- Emphasize the “C” in “PLC.” We’ve realized over the last few years that our PLC groups (or collegial circles, as we call them in our region) benefit from feeling like their cohort sessions are like a second home. This feeling of comfort and support has helped to make these groups not only incredibly popular for educators across the northern New York City region, but has also allowed for incredibly important and genuine discussions and problem-solving to take place. We’ve taken a number of steps to further emphasize the “C” in “PLC” — from designing list-servs for our circles to assist in group communication to making meetings half-days in length to allow for ample time to network, share resources, study and learn together. We’ve also widened the scope of these circles to go beyond content-area support networks to include groups focused on relevant practices like effective feedback generation and appropriate grading techniques.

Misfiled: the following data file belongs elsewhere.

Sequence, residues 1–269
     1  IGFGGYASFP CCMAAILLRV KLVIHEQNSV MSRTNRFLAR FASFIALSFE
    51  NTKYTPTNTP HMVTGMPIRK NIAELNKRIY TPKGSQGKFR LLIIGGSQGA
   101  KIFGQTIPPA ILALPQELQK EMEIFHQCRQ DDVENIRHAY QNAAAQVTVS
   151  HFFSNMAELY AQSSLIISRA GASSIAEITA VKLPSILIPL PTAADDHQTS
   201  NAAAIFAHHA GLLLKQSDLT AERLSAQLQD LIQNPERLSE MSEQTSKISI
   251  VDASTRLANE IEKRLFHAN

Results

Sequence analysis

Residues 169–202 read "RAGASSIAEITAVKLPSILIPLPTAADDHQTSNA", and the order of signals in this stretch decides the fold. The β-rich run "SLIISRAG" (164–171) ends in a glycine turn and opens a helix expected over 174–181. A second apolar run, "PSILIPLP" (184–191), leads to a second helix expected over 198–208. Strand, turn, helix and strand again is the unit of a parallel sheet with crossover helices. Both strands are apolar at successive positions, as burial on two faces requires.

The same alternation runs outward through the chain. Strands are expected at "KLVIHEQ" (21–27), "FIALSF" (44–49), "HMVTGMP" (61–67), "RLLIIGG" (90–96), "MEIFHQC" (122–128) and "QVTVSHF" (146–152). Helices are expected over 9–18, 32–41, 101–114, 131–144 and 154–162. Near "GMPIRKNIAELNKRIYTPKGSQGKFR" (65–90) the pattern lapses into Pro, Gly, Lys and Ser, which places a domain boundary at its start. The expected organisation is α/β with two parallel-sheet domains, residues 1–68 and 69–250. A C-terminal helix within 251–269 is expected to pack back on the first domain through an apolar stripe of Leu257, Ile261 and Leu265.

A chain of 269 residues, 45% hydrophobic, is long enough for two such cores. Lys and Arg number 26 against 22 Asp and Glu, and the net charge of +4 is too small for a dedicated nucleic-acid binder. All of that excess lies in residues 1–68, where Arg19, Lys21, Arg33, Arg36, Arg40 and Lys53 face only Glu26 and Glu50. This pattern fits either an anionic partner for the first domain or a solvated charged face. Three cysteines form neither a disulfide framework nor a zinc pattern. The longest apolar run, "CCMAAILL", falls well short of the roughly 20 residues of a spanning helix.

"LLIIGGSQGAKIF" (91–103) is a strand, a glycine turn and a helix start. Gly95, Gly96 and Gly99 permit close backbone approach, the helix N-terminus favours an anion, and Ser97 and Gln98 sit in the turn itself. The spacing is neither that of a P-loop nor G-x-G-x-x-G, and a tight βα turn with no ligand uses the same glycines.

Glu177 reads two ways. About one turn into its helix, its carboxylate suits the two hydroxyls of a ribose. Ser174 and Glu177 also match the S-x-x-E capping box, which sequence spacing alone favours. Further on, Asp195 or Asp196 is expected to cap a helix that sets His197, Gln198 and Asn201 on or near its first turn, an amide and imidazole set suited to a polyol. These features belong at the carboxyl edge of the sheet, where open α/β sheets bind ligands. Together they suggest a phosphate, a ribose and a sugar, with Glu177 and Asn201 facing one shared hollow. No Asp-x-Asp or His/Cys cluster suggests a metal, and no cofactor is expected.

- Design with data. We know that our collegial circle groups only grow when data is shared and analyzed. Our facilitators do an amazing job with members by helping them not only consider important ideas and the evidence that supports them, but also providing opportunities for members to share their concerns and allow for the group collective to provide feedback and support strategies, sometimes through the use of a protocol, other times through open discussion. Both front and center and behind the scenes, we work with our facilitators to analyze collegial circle feedback data, so they can further refine the design of their sessions and help their members take even more meaning from the time they have together. This year we’re placing an additional emphasis on outcome and impact data by surveying collegial circle attendees a number of months after the circle concludes to see how the ideas and data shared during sessions have impacted their practice and the learning of their students.